My wife and I moved into a new apartment earlier this year. Just a few blocks from our old place, it's been a major quality of life improvement in almost every possible way. One unexpected adjustment, however, was closet space. This moderately sized one-bedroom apartment has only two narrow closets. (You couldn't fit a scandalous skeleton in them if you tried.) Keeping in mind that the building is more than 78 years old, how might we explain this egregious "oversight"?
a) The architects were idiots
b) The architects callously cut corners
c) Americans had far less "stuff" in 1928
d) All of the above
Accepting as a given that all humans are idiots that callously cut corners, the can't-miss answer is, of course, D. However, in this particular case, I believe C is far more accurate. In fact, I'll bet the original tenants here considered themselves mighty lucky to even have two closets. They may have believed that whatever didn't fit inside was superfluous. Imagine that: A two-closet existence.
Long before shopping became hard-wired into human biology, Voltaire said,
"When it's a question of money, everybody is of the same religion."
That said, it might appear sacrilegious to suggest the two-closet lifestyle during Christmas shopping season. However, we all share the blame for the global costs of our commodity culture. Multi-national corporations may be most obvious villains but shopping malls only survive if they can attract customers.
And attract, they do. According to something called "ShopperTrak RCT," sales at 45,000 mall-based stores for the day after Thanksgivingâ€¹a.k.a. "Black Friday"â€¹totaled $9 billion (up six percent from last year). Americans bought nine billion dollars worth of video games, jeans, cell phones, flat screen TVs, sneakers, and other "stuff" that would definitely not fit into two narrow closets.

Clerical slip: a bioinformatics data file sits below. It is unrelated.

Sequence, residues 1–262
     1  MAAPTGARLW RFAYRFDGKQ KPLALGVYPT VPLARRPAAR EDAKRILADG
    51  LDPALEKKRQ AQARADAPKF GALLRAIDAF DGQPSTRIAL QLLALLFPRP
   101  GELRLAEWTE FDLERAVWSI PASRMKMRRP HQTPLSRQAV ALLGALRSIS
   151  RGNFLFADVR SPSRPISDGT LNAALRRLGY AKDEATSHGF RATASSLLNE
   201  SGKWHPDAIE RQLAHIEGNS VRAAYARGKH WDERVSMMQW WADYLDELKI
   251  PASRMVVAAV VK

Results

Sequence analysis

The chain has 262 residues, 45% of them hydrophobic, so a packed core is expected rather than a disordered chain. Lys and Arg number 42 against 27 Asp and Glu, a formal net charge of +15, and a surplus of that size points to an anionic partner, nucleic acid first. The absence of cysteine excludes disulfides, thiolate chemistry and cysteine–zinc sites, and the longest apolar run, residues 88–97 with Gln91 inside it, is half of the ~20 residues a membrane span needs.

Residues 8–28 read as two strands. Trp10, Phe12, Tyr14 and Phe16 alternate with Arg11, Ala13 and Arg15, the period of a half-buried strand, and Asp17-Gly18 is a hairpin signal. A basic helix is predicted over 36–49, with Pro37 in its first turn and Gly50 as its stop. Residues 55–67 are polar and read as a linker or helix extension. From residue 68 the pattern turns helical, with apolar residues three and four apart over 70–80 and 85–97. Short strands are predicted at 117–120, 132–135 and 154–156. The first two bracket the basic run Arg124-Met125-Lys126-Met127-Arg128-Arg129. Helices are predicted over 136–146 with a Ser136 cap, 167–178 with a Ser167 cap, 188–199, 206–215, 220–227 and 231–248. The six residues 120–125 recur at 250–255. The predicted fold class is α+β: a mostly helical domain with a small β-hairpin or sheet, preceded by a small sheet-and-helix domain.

The richest one-fifth of the world's humans consume 58% of total energy, use 74% of all telephone lines, consume 84% of all paper, and own 87% of all vehicles. The poorest one-fifth of the world's humans consume less than 4% of total energy, use 1.1% of all telephone lines, consume less than 1% of all paper, and own less than 1% of all vehicles.
These stats may imply innocence for four-fifths of us but if you live in America, you are almost definitely a member of the "richest one-fifth" and thus require more than two closets. You are also part of the 1.7 billion people Worldwatch Institute calls the Â³global consumer classÂ²â€¹defined as "users of televisions, telephones, and the Internet, along with the culture and ideals these products transmit." In 2004, for example, this group spent $14 billion on ocean cruises and $37 billion on makeup and perfumes. During that same year, $5 billion was spent on universal literacy and $10 billion on efforts to provide clean drinking water for all. The impact of conspicuous consumption on the environment is equally calamitous.
"Today's consumption is undermining the environmental resource base. It is exacerbating inequalities," United Nations Development Program (UNDP) declared in 1998. "If the trends continue without change ... today's problems of consumption and human development will worsen." The UNDP concludes: "Runaway growth in consumption in the past 50 years is putting strains on the environment never before seen."
So...what's in your closet?
Mickey Z. can be found on the Web at http://ww.mickeyz.net.